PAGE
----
Let’s Discuss: When Do Beauty and Skincare Products Expire?


We have a sneaking suspicion that if you were to rummage through your existing skincare and beauty stash, you’d find an item or two well beyond their prime. That’s totally understandable — and relatable, as we’re guilty of this beauty sin, too — since figuring out when products expire can be tricky. It’s also easy to lose track of when you purchased (or cracked open) each and every product on your shelf. But above all, it’s pretty painful to toss a half-used jar of luxury cream you bought in a treat-yourself moment. Nevertheless, paying attention to when products expire is important.

“A product shouldn’t be used past its expiration date for a number of reasons,” says Dr. Shari Marchbein, a board-certified dermatologist and clinical assistant professor of dermatology at the NYU School of Medicine®. “Let’s use sunscreen as an example. Like food, sunscreen can go bad and the ingredients can spoil, leading to a watery consistency. They also become less effective, which [significantly] increases the potential for [photodamage] and skin cancer.”

In addition to a potential reduction in efficacy, products past their expiration date can sometimes end up being harmful to your skin. This can mean anything from causing minor irritation and acne breakouts to bacterial infections. These rules don’t just apply to creamy products (moist formulas facilitate the growth of harmful fungi and bacteria): even dry cosmetics, like eyeshadow and blush, ought to be tossed after a while.

However, you don’t have to throw a product out the second it hits its expiration date. Like milk, eggs, or the Chinese takeout you bought a couple days ago, your serum or mascara very likely still have some life in them. More than anything, you should be looking for physical signs that the product has gone bad. These signs include a sour or “off” scent, a change in color (usually from clear/white to orange), a change in formula consistency, separation of ingredients and, of course, any sign of mold or growth.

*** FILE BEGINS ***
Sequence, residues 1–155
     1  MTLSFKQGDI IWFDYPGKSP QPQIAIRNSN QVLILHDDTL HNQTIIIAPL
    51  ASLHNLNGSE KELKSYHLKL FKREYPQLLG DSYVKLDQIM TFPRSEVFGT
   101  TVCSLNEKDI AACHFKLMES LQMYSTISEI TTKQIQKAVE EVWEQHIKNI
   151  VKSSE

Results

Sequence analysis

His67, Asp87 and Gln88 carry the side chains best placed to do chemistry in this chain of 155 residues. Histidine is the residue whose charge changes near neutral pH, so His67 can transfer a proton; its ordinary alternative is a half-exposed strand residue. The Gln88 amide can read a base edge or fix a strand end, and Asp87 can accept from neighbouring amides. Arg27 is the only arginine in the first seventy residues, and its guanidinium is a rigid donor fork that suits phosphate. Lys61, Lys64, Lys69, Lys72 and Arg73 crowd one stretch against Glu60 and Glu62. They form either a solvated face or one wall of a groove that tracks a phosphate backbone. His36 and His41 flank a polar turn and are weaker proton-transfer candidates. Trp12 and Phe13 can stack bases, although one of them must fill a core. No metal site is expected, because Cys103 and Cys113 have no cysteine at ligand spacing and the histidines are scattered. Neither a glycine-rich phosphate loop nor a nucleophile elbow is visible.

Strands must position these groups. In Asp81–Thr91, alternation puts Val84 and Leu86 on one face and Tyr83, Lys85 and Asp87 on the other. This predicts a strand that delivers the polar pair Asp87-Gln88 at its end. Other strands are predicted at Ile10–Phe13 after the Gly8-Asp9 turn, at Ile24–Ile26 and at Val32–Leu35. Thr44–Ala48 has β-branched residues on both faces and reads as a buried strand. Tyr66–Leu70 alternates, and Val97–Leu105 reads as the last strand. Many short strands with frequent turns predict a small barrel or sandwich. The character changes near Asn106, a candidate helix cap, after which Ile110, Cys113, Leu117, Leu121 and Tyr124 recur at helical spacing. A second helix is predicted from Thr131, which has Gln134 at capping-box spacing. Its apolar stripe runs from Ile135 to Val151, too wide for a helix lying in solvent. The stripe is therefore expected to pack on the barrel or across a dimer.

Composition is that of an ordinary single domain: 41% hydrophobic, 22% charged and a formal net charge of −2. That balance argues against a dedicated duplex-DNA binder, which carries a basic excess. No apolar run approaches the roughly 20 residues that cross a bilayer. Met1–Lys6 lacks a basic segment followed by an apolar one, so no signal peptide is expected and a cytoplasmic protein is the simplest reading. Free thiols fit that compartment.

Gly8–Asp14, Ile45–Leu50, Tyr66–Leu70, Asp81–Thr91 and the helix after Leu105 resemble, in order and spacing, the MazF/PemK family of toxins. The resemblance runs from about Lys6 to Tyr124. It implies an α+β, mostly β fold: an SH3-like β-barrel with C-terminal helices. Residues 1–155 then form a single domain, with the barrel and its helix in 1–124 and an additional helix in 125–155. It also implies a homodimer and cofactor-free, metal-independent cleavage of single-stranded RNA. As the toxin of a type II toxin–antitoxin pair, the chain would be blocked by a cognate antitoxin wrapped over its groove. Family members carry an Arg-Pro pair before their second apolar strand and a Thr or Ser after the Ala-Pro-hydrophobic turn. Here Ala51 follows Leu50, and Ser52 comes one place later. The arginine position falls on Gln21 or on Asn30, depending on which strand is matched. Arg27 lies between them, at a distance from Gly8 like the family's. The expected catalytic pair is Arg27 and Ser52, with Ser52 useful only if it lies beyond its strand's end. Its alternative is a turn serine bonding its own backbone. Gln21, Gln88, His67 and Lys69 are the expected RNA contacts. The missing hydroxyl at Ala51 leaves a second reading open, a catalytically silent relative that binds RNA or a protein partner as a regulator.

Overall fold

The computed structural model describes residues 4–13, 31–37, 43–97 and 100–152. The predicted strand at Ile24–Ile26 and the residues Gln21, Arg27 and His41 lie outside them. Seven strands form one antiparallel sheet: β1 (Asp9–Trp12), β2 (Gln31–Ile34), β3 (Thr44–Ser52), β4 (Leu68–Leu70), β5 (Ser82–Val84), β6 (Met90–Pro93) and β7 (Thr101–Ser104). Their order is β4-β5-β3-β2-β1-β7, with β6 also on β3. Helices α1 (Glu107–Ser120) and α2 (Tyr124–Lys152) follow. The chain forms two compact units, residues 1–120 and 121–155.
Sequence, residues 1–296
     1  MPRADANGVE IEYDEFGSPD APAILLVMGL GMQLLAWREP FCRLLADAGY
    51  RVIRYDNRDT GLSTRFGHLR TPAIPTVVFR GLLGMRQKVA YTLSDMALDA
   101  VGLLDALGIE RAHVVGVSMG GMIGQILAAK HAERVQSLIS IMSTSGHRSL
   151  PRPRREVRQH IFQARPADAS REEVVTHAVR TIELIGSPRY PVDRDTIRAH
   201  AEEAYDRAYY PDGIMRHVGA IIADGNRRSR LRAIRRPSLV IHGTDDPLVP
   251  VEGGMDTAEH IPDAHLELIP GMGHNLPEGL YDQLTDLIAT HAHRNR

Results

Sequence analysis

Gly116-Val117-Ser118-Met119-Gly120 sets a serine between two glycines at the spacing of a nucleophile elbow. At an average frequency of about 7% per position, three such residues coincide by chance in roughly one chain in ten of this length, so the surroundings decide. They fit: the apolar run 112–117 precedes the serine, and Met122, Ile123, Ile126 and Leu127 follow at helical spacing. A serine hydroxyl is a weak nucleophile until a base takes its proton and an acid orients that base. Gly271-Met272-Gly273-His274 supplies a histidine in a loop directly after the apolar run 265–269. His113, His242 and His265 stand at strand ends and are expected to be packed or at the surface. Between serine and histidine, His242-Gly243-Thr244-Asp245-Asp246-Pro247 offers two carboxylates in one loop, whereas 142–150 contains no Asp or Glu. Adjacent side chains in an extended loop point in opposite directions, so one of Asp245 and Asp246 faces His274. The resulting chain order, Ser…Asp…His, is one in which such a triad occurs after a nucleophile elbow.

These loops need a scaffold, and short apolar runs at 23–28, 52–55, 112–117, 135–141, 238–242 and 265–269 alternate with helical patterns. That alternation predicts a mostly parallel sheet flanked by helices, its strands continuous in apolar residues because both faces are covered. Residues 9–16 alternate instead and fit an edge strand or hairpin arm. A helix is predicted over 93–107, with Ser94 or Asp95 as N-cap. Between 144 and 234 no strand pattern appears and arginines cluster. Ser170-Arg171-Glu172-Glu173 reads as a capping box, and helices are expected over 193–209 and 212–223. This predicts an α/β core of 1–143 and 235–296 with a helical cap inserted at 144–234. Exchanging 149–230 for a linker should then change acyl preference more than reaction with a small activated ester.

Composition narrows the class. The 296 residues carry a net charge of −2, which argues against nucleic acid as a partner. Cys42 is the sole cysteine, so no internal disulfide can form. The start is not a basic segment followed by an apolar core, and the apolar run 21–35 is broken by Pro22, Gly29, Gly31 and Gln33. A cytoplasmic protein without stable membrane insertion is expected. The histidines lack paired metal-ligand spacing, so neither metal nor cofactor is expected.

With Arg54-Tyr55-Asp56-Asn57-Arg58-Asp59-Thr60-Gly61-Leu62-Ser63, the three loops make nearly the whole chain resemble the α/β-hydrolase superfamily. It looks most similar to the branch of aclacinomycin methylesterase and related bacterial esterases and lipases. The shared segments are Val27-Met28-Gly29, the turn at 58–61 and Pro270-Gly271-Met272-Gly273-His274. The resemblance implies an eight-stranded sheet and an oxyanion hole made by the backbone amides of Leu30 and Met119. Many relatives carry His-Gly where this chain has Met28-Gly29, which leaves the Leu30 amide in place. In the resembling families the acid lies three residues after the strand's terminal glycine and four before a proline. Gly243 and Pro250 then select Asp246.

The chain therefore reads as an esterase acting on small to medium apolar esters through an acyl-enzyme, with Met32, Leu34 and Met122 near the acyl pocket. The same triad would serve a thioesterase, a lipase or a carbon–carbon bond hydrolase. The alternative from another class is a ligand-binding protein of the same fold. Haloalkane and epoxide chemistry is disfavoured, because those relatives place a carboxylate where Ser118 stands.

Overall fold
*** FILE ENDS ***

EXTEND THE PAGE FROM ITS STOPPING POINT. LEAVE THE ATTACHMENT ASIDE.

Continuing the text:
All that said, it’s still good practice to adhere to expiration guidelines to ensure you’re getting the most out of your skincare regimen and beauty routine, and circumventing any unnecessary harm to your skin. Most products will have one of three expiration indicators: an actual expiration date, a creation date, or a tiny jar symbol with a number inside of it; this number represents how many months a product is good for once it’s been opened. Consider labeling your products with a piece of masking tape and a permanent marker denoting all this information, or giving yourself a deadline to finish the product by its expiration date. This will help you keep track of how much time you have left to safely use it.

In addition to checking for physical changes and referring to on-label expiration information, refer to the rough guideline below for how long different types of products last.

All-natural products: A few days to three months

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“All-natural products have shorter shelf lives because they tend to remain preservative-free,” says Dr. Rita Linkner, a board-certified dermatologist at NYC’s Spring Street DermatologyTM. “This increases the likelihood of active ingredients deteriorating with time.” If the product was formulated with water, then it’ll expire even more quickly since water breeds bacteria.

This is especially true of homemade treatments or freshly-mixed products. For example, a DIY mask with rosewater, matcha, and honey will likely only survive a few days before it’s ready to toss. Store-bought products sometimes have natural preservatives in them (which could give you more time out, but these are usually not as effective as man-made preservatives). Because of their tendency to spoil quickly, all-natural products should be kept in cool, dark, dry places. Therefore, your bathroom cabinets — which is exposed to tons of steam while you shower — aren’t the best places to store these types of items. 

Mascara: Three to six months